January 2019 | Commentary | Viewpoint: Logistics & Supply Chain Analysis

Driver Shortage or Lack of Innovation?

Tags: Trucking, Warehousing, Technology , Supply Chain

John McDonald, CEO, ClearObject, 888-850-2568

The trucking industry has faced a driver shortage for many years now. In a world where every industry seems to be evolving, the stagnant nature of trucking is hurting the employment pool.

While trucking was a popular profession for two previous generations, millennials have drastically different career expectations. Almost all millennials were raised using technology and connected devices to be more organized and productive. They want to work for a company that understands how they work.

Rather than selling millennials on the current state of trucking careers, it's time to sell transportation on wholesale changes that increase operational efficiency and financial return. Here are a few ways to make the industry more efficient and technology friendly.

Preventive maintenance with IoT sensors. Trucks can be finicky, throwing error messages or fault codes that drivers and fleet operators often don't understand. Using sensors that collect live data from engine performance and give fleet operators insights into the problem and the solution can prevent driver downtime and save precious hours of pay drivers lose waiting for repairs.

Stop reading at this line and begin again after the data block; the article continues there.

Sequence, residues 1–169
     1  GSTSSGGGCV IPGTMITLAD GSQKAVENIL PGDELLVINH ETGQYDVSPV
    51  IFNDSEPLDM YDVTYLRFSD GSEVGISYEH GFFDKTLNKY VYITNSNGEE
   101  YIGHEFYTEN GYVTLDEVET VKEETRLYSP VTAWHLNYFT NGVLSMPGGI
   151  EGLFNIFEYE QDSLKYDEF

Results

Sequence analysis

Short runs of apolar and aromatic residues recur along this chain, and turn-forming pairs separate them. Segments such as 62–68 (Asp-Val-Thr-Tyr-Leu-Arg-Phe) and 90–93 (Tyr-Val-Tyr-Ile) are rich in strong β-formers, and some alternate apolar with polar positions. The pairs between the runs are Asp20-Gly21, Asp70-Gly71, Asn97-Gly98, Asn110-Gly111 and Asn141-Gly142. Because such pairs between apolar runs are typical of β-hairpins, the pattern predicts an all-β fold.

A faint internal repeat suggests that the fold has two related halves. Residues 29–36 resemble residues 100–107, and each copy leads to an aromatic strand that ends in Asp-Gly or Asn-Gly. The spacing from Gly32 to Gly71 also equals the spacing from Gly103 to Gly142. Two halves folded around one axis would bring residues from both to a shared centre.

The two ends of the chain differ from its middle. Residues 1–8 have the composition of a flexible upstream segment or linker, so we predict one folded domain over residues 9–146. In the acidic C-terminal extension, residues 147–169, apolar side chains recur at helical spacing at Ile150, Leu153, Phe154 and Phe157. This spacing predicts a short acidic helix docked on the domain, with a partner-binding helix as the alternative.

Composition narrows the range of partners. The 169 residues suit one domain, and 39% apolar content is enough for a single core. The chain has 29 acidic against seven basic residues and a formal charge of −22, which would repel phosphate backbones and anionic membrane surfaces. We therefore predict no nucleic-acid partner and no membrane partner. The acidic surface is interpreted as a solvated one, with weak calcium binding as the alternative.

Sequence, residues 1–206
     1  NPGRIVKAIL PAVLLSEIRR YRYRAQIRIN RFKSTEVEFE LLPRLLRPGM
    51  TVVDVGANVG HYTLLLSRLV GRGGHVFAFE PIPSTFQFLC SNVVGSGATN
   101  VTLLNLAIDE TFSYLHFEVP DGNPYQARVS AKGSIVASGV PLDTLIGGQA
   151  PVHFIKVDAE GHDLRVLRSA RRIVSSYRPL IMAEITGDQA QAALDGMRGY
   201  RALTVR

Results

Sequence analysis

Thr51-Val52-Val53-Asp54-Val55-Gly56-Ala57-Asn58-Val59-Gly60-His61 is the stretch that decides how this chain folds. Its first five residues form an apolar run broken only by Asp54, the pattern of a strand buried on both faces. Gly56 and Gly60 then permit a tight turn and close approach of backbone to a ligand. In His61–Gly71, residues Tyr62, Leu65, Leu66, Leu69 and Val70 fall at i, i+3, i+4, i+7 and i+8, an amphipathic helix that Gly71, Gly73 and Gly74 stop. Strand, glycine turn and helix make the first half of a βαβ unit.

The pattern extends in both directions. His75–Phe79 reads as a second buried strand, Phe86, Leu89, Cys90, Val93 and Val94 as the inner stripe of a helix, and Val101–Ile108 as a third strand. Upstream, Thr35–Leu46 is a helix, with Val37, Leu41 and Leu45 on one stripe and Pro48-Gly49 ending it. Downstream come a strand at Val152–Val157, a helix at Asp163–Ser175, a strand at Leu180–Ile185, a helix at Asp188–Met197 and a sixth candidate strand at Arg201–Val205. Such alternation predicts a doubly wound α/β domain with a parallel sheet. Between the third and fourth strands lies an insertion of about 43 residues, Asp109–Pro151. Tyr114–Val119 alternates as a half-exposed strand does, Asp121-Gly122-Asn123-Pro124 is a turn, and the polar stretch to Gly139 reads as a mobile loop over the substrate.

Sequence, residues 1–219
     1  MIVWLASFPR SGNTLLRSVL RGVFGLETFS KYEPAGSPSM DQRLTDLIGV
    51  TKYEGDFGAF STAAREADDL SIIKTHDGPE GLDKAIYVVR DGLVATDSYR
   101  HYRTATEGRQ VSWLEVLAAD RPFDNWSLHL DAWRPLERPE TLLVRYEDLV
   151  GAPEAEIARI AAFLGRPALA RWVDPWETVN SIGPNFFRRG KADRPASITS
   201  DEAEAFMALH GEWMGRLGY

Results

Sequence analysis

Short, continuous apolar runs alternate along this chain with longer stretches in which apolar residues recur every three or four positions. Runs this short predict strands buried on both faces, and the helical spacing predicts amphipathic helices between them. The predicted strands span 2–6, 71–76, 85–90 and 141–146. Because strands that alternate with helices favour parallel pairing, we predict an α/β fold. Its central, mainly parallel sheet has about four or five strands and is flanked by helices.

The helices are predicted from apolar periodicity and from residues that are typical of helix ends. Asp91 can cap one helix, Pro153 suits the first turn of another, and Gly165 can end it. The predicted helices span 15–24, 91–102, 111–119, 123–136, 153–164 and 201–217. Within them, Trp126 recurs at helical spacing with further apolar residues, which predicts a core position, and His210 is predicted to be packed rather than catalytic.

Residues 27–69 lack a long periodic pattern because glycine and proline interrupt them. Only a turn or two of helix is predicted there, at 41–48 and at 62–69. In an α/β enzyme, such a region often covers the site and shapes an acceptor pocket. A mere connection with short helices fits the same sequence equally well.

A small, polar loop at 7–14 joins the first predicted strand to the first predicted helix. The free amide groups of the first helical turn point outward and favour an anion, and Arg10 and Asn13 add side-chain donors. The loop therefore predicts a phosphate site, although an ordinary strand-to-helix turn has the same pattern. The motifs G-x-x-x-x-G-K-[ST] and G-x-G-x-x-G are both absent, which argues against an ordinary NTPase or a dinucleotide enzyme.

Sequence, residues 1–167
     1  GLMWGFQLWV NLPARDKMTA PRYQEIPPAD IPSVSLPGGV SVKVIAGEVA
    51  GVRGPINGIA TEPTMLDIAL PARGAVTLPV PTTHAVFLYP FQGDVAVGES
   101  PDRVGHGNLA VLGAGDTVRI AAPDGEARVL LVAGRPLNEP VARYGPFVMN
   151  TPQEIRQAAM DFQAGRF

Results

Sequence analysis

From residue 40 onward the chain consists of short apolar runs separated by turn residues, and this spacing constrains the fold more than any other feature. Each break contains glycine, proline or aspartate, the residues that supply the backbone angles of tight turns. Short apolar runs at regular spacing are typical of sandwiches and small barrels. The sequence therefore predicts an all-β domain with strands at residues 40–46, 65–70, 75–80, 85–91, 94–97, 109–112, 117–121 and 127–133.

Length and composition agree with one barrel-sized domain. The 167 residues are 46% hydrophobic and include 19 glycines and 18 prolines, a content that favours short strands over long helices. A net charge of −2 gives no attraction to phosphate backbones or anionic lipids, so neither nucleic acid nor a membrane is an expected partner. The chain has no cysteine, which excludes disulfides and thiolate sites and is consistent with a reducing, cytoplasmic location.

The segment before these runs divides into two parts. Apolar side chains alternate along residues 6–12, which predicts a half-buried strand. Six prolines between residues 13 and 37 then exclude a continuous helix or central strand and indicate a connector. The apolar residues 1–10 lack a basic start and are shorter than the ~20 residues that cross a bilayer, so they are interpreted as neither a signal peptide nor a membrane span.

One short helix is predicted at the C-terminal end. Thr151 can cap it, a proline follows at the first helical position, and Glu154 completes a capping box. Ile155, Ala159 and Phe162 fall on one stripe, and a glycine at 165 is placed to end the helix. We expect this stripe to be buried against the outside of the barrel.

Sensors can also help mitigate transportation issues as a result of weather, and monitor sensitive cargo. Understanding the path a shipment takes can help drivers feel confident about unforeseen situations that could delay or change their daily schedule, and therefore their compensation.

Warehouse automation. While autonomous vehicles have become all the rage in logistics conversations, driving is still a cognitive career that machines haven't mastered. However, sorting goods in a warehouse with more efficiency and accuracy than humans is something that is automation-friendly. Logistics companies with large regional fleets could move warehouse workers to the road, and automate some of the tasks that those workers were doing in warehouses in order to address driver shortages.

Inventory management control can also be automated. Barcode scanners, labeling automation, and object recognition not only prevent errors but also reclaim valuable working hours.

Electronic safety records. Electronic logging for truck safety checks and repairs can be incredibly helpful. If stopped by a Driver and Vehicle Standards Agency official, having electronic logs of vehicle safety inspections reduces the administrative burden on truck drivers and increases their time spent on the road.

Combined with IoT sensors that can merge real-time performance data with historical maintenance records, electronic logs can also help fleet managers train drivers to be better prepared to anticipate and handle truck performance issues. Positioning and implementing automated logs as a benefit versus an electronic babysitter are keys to recruiting younger drivers who already use technology to be more efficient in their day-to-day lives.

As the industry looks to recruit drivers in years to come, understanding how the newest generation uses technology and innovating legacy systems will be key to success.